Up front, the team was led by Daniel Alfredsson from the start. He was in right after the opening faceoff to forecheck on Kaberle, and didn't stop there. His shootout goal was a thing of beauty; he played off the perception that he's a breakaway shooter, sold Jonas Gustavsson on the shot, and went to the backhand for what looked like an easy one. Got a couple shots, threw a couple hits, blocked a couple shots, and even won a faceoff for good measure.
Along with Alfredsson, the top line was strong. Milan Michalek drew the penalty shot purely thanks to his speed (and a beautiful pass from the captain), and finished with three shots. Jason Spezza had two shots, and both of them spent some time killing penalties--interesting to see, especially with regard to Spezza, but they handled it well. Cory Clouston seems to have a sense of when he can experiment with things like that and when he can't, which will be great to follow through the year--and hopefully some more, if we might be spoiled enough to get some head-coach consistency.
Let's talk about the fourth line, and notably the cheapest player on that fourth line: Donovan. He played hard, and caused plenty of disturbance in front of the Toronto net. In short, he looked like a player who didn't want to sit in the press box, but instead of complaining decided to make the best of his opportunity to get into the lineup. I'm not sure who I'd rather see leave when Ryan Shannon or Jesse Winchester comes back from injury, but I don't want to see Donovan miss many more games. And, as overpaid as they are in their fourth-line roles, Chris Kelly and Jarkko Ruutu aren't bad players to have down there, either (and both had assists on the Donovan goal).
Not only did winger Alex Kovalev get his first shot of the season at 8:35 of period one in game two, he also got his second later in the game and apparently was credited with two hits. He was in forechecking, but more important was the evident chemistry developing between himself and Nick Foligno. They play contrasting styles, but could complement each other really well if this trend continues.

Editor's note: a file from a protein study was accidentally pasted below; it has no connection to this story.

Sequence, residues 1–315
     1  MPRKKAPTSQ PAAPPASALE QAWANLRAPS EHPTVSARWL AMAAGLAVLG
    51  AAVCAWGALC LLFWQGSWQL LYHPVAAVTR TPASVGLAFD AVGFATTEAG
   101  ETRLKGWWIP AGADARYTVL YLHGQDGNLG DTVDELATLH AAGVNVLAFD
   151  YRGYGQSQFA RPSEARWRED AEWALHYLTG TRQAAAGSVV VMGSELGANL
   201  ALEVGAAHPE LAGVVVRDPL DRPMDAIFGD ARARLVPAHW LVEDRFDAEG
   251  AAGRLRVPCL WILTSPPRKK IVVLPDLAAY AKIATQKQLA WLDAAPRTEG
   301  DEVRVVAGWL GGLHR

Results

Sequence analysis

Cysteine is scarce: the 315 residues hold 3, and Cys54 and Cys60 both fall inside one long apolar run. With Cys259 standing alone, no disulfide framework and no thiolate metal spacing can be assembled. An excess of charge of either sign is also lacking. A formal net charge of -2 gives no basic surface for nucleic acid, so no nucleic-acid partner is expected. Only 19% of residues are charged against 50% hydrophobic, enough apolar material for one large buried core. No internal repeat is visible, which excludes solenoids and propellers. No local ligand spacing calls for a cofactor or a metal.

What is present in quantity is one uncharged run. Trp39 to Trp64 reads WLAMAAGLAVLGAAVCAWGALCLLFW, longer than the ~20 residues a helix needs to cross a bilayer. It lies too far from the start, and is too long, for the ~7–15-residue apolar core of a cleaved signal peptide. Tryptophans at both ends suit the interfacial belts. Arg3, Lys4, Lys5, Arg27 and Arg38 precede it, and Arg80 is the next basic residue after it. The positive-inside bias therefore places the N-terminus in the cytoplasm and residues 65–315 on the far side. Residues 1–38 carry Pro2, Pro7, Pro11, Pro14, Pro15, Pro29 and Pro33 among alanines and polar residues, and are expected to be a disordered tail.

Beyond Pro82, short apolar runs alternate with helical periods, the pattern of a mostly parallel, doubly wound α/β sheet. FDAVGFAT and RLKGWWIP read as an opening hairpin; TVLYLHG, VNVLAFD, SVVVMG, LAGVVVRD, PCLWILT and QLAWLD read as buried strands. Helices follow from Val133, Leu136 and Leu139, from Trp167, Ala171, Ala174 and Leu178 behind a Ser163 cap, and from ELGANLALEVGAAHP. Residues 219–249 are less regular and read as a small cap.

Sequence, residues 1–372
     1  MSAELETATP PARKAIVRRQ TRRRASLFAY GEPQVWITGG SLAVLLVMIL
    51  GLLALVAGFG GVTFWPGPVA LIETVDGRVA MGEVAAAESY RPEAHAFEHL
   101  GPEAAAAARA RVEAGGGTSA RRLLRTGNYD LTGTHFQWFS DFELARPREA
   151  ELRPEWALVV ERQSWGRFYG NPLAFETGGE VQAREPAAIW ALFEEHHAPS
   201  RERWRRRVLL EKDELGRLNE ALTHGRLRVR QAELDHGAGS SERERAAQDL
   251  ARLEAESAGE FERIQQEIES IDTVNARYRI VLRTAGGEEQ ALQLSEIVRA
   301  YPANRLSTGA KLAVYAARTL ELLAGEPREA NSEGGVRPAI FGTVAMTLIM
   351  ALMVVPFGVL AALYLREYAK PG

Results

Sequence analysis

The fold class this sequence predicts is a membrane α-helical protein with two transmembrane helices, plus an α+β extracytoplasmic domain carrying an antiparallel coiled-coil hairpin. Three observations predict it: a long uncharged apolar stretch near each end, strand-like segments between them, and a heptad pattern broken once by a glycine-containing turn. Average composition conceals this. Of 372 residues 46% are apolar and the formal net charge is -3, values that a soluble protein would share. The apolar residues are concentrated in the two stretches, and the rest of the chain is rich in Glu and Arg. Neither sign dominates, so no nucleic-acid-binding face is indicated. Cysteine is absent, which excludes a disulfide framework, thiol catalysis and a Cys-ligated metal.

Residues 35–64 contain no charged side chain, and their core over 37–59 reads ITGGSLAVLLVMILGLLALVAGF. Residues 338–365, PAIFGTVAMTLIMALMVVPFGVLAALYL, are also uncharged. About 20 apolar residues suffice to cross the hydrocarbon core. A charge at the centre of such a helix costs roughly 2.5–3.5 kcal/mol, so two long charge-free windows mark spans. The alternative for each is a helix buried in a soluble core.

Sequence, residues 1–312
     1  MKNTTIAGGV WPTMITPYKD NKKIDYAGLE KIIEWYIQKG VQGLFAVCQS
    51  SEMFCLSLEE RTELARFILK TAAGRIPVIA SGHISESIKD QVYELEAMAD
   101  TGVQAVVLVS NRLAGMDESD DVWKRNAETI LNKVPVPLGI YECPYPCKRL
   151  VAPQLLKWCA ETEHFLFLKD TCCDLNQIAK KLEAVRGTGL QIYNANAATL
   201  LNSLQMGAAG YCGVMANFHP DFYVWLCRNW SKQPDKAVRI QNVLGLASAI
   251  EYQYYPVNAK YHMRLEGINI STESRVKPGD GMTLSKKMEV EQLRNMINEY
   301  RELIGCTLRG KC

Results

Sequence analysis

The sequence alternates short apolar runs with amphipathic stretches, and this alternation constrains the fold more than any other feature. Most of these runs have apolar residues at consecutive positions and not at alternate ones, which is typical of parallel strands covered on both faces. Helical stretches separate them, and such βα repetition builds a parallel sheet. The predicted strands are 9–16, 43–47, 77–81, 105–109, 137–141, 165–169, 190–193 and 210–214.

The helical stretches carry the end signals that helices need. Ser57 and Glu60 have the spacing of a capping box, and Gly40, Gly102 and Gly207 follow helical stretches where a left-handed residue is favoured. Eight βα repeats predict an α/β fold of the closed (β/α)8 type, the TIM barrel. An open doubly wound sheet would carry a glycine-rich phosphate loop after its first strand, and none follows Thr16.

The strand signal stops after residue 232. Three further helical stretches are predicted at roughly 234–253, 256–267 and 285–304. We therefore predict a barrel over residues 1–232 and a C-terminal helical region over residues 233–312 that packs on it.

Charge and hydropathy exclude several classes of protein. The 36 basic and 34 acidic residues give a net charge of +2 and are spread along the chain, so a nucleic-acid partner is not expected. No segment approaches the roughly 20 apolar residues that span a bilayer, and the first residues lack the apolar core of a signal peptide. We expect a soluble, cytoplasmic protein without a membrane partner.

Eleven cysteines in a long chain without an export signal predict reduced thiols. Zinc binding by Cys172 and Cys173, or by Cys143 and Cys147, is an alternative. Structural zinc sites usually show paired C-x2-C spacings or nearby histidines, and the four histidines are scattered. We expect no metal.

As much as I chalk the win up to individuals, it was also attributed to the Command Kloustonom style. Strong pressure, forechecking and backchecking, steady pressure in the neutral zone, and good man-to-man coverage in the defensive zone did it. Although we have yet to see anything from the powerplay, the penalty kill was largely effective tonight, with one exception--a Kaberle pass that Matt Stajan put right in the net. All in all, though, this makes for a happy few days until the Sens play on Thursday.
Darren's Take: The Sens were a far better team than they were in the season opener, Pascal Leclaire made key saves, and Phillips and Volchenkov played extremely solid D. I also have to recognize Matt Carkner's excellent play, particularly since I was one of those who didn't feel he was going to be able to handle an NHL role. That being said, there are still a lot of issues that the team has to work on. First and foremost, goal-scoring still doesn't seem to come naturally to the team yet: one of the Senators' goals was a borderline high-stick, and the other one was a penalty shot that should perhaps have only been a double-minor penalty, without the penalty shot. Still, though fans of the blue and white might argue the calls, they really can't argue that the Senators deserved to win it, which is what counts in the end.